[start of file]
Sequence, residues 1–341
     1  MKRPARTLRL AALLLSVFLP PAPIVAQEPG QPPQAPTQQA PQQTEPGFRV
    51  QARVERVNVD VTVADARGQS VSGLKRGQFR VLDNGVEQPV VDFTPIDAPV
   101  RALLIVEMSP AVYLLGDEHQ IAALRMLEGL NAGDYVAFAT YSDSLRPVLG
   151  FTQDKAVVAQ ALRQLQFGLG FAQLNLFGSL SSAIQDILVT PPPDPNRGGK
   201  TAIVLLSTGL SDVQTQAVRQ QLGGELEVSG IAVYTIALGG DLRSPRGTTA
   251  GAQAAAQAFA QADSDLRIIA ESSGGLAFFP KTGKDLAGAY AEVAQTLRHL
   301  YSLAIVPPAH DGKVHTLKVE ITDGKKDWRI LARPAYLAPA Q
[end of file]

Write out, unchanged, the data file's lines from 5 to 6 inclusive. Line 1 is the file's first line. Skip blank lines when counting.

   151  FTQDKAVVAQ ALRQLQFGLG FAQLNLFGSL SSAIQDILVT PPPDPNRGGK
   201  TAIVLLSTGL SDVQTQAVRQ QLGGELEVSG IAVYTIALGG DLRSPRGTTA